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EU nod for Bayer’s Stivarga as Nexavar gets US priority review

Advances pharma company’s ambitions in cancer

Bayer symbol

There was a brace of good news on the oncology front for Bayer this week, with Stivarga securing approval in the EU for colorectal cancer and Nexavar given a priority review in the US for thyroid cancer.

Stivarga (regorafenib) was given a green light by the European Commission for the treatment of adult patients with metastatic colorectal cancer in whom other therapies were unsuitable or ineffective.

The approval means that Stivarga is now approved in the top three pharma markets worldwide - the US, EU and Japan - and keeps the product on track for achieving a predicted $1bn-plus in peak sales.

Earlier this month Stivarga was cleared for gastrointestinal stromal tumours (GIST) in Japan, adding to an earlier approval in colorectal cancer, and has been approved for both indications in the US. The product is still rolling out but has been growing at a rapid rate, adding €87m to Bayer's top-line in the first six months of the year.

Meanwhile, Nexavar (sorafenib) moved closer to approval in a third indication - differentiated thyroid cancer - after the US Food and Drug Administration (FDA) gave the drug a priority review. 

Nexavar is already approved in the US for liver and kidney cancers, and achieved €373m in sales in the first six months of this year, but there have been signs that sales have started to plateau a little with turnover actually a little down on the same period of 2012.

The priority review has been given for Nexavar in the treatment of locally advanced or metastatic radioactive iodine (RAI)-refractory differentiated thyroid cancer, and the FDA is now due to deliver a verdict on the dossier before the end of the year.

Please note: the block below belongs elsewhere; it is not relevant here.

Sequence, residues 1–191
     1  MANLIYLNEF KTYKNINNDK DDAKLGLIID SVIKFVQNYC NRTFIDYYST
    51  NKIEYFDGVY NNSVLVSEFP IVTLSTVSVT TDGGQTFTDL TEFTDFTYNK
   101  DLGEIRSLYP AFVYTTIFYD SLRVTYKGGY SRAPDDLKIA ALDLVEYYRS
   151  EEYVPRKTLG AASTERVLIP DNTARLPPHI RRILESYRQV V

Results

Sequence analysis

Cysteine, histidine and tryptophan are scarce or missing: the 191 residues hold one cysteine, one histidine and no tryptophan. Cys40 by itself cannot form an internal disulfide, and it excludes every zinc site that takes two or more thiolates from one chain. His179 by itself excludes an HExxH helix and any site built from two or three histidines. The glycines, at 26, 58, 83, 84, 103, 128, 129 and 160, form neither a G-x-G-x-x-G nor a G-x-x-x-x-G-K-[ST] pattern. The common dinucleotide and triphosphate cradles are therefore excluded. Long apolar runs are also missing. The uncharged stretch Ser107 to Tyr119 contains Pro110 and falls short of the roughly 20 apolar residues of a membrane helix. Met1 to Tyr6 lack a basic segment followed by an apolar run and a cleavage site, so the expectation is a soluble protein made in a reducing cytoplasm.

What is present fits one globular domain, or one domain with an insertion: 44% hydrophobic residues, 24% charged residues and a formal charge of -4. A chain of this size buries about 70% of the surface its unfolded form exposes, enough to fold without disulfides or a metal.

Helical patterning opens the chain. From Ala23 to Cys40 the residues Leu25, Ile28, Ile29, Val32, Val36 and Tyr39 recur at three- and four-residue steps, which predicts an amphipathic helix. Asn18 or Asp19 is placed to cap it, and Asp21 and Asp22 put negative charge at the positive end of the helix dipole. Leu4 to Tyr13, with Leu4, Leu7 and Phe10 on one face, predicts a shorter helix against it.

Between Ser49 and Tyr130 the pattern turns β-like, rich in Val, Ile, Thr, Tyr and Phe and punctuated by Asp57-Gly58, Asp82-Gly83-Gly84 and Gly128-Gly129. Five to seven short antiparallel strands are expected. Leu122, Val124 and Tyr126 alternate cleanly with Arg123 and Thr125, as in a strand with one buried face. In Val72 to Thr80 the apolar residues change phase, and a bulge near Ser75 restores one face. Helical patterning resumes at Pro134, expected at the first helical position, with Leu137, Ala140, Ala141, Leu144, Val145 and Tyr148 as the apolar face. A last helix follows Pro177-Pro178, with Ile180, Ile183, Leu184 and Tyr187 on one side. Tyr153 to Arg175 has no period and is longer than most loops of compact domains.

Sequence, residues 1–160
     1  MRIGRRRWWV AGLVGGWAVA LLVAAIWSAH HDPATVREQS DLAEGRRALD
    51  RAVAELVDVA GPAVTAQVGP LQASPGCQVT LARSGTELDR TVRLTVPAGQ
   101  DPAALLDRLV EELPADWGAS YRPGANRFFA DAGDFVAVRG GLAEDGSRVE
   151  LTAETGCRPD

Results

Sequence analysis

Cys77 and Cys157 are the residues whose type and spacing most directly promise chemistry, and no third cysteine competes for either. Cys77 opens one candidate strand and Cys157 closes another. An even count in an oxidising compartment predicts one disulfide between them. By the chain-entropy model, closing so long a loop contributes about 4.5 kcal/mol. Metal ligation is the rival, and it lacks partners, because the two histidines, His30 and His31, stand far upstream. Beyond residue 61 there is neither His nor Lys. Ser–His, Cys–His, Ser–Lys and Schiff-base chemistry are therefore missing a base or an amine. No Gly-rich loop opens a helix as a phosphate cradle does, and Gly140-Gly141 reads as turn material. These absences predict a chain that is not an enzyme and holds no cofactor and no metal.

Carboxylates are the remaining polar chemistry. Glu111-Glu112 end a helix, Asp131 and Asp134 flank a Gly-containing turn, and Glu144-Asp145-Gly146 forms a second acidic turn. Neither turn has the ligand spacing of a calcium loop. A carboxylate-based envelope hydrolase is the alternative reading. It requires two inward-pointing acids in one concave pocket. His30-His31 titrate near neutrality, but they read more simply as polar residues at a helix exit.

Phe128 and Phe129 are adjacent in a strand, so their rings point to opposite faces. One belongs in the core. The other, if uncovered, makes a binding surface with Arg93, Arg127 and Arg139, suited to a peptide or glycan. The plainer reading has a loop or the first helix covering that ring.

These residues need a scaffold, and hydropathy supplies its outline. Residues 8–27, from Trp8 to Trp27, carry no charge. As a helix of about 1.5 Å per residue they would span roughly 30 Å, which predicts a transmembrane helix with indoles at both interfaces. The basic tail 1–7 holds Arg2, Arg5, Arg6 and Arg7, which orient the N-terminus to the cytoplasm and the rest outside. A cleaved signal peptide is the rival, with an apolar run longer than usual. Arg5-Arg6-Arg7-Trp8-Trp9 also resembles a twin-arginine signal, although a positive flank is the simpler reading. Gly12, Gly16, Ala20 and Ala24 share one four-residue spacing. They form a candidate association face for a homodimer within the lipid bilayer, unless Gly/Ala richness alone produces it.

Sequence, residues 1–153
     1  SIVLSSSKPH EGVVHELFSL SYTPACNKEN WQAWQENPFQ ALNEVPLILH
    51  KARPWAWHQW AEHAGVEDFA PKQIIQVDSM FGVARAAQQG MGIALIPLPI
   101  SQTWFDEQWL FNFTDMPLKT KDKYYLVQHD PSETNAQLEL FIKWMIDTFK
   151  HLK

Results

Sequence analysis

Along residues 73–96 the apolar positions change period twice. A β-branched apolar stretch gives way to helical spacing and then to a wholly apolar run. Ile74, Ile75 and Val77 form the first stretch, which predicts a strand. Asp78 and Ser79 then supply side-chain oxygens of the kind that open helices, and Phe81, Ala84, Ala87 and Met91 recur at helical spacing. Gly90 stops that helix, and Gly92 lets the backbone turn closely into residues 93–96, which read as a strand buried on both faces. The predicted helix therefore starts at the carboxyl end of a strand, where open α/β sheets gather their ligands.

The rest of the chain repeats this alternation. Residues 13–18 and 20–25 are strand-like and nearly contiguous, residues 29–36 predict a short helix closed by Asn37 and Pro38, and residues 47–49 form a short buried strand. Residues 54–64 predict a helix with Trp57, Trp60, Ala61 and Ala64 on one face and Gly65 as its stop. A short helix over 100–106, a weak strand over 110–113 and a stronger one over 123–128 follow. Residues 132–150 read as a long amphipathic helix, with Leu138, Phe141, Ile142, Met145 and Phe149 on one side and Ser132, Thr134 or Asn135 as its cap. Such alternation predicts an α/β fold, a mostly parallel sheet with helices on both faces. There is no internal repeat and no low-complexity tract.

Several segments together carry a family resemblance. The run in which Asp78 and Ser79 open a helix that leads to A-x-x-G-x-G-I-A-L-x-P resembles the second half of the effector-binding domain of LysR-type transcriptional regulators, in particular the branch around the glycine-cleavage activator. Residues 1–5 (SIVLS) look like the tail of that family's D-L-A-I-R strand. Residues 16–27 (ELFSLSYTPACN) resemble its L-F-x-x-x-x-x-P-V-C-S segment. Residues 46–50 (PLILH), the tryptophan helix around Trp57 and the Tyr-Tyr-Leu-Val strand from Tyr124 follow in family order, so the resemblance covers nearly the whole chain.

This category of thyroid cancer patients numbers between 6,000 and 8,000 in the US and Europe and while many can be cured using existing therapies, a proportion fail to respond to any treatment so new therapies are still needed. Bayer filed for approval of the thyroid cancer indication in the EU in June, at the same time as its US application.

Both submissions were based on the phase III DECISION trial, which tested first-line Nexavar treatment in patients who had received no prior chemotherapy, tyrosine kinase inhibitors, monoclonal antibodies that target VEGF or VEGF receptor, or other targeted agents for thyroid cancer.

The results, which were presented at the ASCO annual meeting in June, showed that Nexavar extended progression-free survival to 10.8 months compared to 5.8 months with placebo; an increase of 41 per cent.

The approvals are also great news for Onyx, which agreed to be taken over by Amgen in a $10.4bn deal earlier this week.  Onyx earns royalties on sales of Stivarga and Nexavar and has co-promotion rights to Stivarga in the US.



Article by
Phil Taylor

30th August 2013

From: Sales



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